The Ganesh Temple Canteen is a basement annex of the temple proper. Visitors enter through a steel door on street level. Next to a security booth, there are neat rows of sandals and sockless shoes, battered and electrical taped empty sockets. Down two flights of stairs, the canteen smells like a fine dusting of curry powder. As a boy I mussed the tops of pewter curry plants that I grew in tomato planters. The smell of rich yellow would cloud my eyes like a bottle rocket set off on asphalt and brimstone. Although my plants died in the St. Louis summer, even hotter than the immense fiery imaginary sun of India, I nourished their memory in the architecture of my upper skull. My sinus chambers would resonate with the twang of pulluvan paattu. I caught a green snake and smelled my fingers. His dusky skin, shedding on my hand, reminded me of my garden, something grassy and thrumming. Continue reading
“I’d never expect to meet a writer in Hoboken.”
She’s thin—thin enough to say so—with black hair, 45 years on the face and a toddler. Dames Coffee sells iced mocha chai whatever, enough of an excuse to sip awhile on a 95-degree afternoon. While circumnavigating Hoboken I sweated through my t-shirt twice, but she still bothered to notice: “Will Write For Food”: silkscreened and chipped around the corners. I love that shirt for no decent reason. It provokes awkward compliments wherever I go. On the 2 train to Flatbush, a homeless man with wriggling veiny arms shook my hand and said, “I’m a writer too, great shirt.” The shirt’s simple, banal wit resonates with an original American platitude. We all dream to be something that can’t support our dreaming habit. That’s why so many I-bankers quit Wall Street and start chocolate shops in Bay Ridge.
Frizzled from the heat: “Have you ever heard of The Moth? You should check it out,” my new friend says, explaining NPR’s live storytelling project. I wonder if she ever dreamt of writing; whether she ever realized that being a writer is nothing more than a declaration and a loose commitment. Or, in my case, an old t-shirt. Continue reading
South Williamsburg is bundled up in wool pants and black jackets. The umami of sweat smell, like leaded gasoline, fogs the sidewalk, humid and dense. The Hasidim must suffer from New York summers—but you will never hear a complaint. The men just drip, tight-lipped behind tangled beards, and the women are speechless despite the discomfiture of bottlebrush wigs. I regularly run through the neighborhood, cross country shorts flapping high on my thighs, sweat soaking through a mesh t-shirt. We pass on the sidewalk without eye contact. There is a palpable hostility that dissolves in the air like a bitter lozenge. Then again, the hatred and fear do not only circulate between the Hasidim and intruders: smiling and casual conversation are discouraged. Men walk side-by-side, heads bent together, beards growing together, twining like vines and tree limbs forced together from lack of light, whispering, peyes bobbing like synchronized springs. Their wives keep a watchful eye on children from balconies, or push strollers and scold their babies, or conduct serious tribunals on their stoops. Surveillance is reciprocal; purity is maintained within a system of implicit discipline. Gangs of children, all toddlers and adolescents, roam untethered, but never fear, no Clockwork Orange shit here. Chaos boils inside a latex bubble, elastic and capable of absorbing violence. The occasional rupture—child molestation, a kidnapping, race riots—is incorporated back into the membrane and dampened into a silent ripple. History becomes the stuff of nightmares, never discussed or remembered during the day, but a constant threat when the ladies let their real hair down—or run their fingers through air, because many shave their skulls short. Continue reading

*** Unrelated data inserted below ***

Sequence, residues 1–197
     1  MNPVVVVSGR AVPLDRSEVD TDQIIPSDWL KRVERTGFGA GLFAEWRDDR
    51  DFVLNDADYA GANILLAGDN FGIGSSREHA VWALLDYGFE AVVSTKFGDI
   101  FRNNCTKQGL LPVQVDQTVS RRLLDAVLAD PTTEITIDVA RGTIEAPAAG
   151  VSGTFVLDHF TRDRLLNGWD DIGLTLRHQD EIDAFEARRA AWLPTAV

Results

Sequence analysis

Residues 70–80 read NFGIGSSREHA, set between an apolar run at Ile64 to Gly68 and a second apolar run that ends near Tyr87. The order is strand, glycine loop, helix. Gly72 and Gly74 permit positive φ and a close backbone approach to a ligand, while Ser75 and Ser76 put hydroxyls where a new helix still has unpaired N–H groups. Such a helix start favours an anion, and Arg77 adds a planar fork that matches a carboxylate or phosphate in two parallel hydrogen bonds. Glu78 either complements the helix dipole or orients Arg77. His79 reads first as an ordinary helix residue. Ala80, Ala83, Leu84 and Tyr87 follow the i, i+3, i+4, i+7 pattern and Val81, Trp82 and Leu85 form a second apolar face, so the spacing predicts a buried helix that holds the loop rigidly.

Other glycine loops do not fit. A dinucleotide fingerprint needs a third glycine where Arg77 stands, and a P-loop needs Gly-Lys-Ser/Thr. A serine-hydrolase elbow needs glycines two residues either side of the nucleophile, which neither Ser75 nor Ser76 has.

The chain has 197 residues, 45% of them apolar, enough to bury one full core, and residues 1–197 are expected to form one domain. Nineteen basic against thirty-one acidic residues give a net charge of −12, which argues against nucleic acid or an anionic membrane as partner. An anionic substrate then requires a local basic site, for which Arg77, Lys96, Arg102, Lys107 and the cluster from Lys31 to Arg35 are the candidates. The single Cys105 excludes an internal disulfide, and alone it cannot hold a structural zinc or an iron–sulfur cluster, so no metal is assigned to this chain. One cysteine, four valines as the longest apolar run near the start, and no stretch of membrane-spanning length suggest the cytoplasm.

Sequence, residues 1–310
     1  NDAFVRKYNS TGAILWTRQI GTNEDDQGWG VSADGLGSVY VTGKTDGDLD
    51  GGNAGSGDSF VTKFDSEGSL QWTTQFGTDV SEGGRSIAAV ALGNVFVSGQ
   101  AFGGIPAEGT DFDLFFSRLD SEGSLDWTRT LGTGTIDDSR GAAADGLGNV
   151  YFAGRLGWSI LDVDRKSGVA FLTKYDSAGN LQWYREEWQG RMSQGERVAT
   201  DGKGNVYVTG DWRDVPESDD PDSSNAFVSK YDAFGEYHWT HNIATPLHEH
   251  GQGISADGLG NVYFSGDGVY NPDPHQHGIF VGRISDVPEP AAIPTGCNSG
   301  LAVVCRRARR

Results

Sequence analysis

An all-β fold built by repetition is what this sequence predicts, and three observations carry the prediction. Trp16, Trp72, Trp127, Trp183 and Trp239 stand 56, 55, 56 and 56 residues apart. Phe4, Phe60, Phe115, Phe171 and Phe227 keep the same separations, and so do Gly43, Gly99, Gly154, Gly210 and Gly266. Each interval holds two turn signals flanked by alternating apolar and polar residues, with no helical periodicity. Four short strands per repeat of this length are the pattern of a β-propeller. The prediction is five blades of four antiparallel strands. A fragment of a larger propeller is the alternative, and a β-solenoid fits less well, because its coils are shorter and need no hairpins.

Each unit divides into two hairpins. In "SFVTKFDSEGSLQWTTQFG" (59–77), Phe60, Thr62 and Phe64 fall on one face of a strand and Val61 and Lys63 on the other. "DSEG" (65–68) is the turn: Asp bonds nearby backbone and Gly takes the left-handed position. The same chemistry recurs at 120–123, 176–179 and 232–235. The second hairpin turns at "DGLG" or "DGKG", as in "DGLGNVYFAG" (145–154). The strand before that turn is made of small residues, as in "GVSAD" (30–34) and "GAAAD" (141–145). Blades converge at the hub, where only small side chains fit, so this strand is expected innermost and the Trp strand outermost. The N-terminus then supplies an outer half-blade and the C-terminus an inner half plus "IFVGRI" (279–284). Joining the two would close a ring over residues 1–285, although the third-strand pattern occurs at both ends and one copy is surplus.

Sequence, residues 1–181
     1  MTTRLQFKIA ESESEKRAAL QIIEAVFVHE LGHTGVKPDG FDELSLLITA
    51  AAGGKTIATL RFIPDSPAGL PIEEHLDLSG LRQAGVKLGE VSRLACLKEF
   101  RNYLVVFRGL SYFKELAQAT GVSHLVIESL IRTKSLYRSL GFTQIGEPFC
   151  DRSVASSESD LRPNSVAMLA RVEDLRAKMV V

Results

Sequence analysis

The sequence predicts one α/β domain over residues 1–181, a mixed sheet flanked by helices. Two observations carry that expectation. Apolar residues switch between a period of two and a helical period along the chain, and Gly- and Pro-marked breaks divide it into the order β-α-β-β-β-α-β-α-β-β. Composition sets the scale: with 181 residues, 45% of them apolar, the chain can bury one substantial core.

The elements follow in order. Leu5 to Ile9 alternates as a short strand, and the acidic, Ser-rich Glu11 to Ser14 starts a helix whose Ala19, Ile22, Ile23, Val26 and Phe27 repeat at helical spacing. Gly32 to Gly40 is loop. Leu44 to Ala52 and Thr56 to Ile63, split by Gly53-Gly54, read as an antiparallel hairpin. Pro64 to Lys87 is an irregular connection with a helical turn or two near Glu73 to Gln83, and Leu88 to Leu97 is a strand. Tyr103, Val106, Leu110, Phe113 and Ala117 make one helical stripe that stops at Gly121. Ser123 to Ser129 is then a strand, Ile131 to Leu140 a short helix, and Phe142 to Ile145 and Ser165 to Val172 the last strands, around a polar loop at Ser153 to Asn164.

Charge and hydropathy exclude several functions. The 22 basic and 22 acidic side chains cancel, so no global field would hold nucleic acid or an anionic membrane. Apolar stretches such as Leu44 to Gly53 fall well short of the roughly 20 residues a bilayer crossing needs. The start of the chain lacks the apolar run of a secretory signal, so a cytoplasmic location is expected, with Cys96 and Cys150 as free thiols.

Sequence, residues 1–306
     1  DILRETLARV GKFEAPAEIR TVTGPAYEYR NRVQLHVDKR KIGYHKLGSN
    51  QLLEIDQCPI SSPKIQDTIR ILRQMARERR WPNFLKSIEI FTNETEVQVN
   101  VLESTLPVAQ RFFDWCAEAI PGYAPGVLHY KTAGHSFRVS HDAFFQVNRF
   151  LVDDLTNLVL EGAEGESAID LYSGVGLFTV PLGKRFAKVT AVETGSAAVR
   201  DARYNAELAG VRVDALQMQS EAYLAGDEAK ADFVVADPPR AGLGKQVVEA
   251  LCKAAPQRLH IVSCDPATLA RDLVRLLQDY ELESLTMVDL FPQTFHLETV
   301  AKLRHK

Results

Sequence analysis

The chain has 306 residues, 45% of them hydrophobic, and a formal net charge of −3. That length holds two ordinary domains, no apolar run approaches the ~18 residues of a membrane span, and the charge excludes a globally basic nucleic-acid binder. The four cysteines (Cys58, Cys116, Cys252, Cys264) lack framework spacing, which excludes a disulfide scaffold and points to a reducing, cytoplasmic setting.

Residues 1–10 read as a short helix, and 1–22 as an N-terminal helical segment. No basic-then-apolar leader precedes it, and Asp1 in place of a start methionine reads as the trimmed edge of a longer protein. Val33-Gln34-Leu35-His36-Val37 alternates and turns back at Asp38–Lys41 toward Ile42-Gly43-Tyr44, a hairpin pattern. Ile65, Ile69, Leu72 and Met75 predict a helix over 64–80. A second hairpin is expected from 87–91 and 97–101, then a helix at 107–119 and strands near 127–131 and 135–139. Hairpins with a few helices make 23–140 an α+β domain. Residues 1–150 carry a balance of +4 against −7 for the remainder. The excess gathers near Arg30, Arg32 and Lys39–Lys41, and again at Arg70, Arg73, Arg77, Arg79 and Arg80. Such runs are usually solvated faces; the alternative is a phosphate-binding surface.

My most restful nights have been by the sea.
I can sit on a vinyl recliner and let the air wash my face. The sea air is delicious and full of extra oxygen. It is especially nutritious and satisfying to breathe. The wind lifts ancient minerals off the waves. They trickle through the nasal epithelium and tickle the brain. My lips tingle. My most restful nights have been by the sea.
If you start from Coney Island and follow the sea you will eventually find Brighton Beach. Last Saturday looked Moscovian. Gray and white clouds dwarfed the sand and sucking waves. Highrise apartments were flat prints on the skyline. The subway lurches across metal stilts and shelters beneath its pantaloons a romantic avenue of liquor stores, groceries and restaurants and fruit markets, Soviet electronics, cell phones, CDs and VHS tapes, souvenirs, dance halls and nightclubs, cheap insurance, doctors, etc. An alternative universe has budded off the train and dangles, contained by its own surface tension—two blocks away from the umbilical bubble, you are in dark uterine trenches, suburban, overgrown and peeling like seashore homes tend to during unseasonably cool summers. Even compared to Flushing or Sunset Park, Brighton Beach is glowering and mysterious. With less friendly teenagers and more grumping octogenarians, maneuvering through the barricaded shops can be stifling. Frankly, if you are young and hanging out you considered a threat to general order and unwanted. Although we encountered welcoming and interested faces, we also met rude clerks who wanted nothing to do with a few Russian Jews strung out along a genealogical strand. When exploring this neighborhood, the intrepid cosmopolitan must prepare for the best: confusion and outright hostility. Continue reading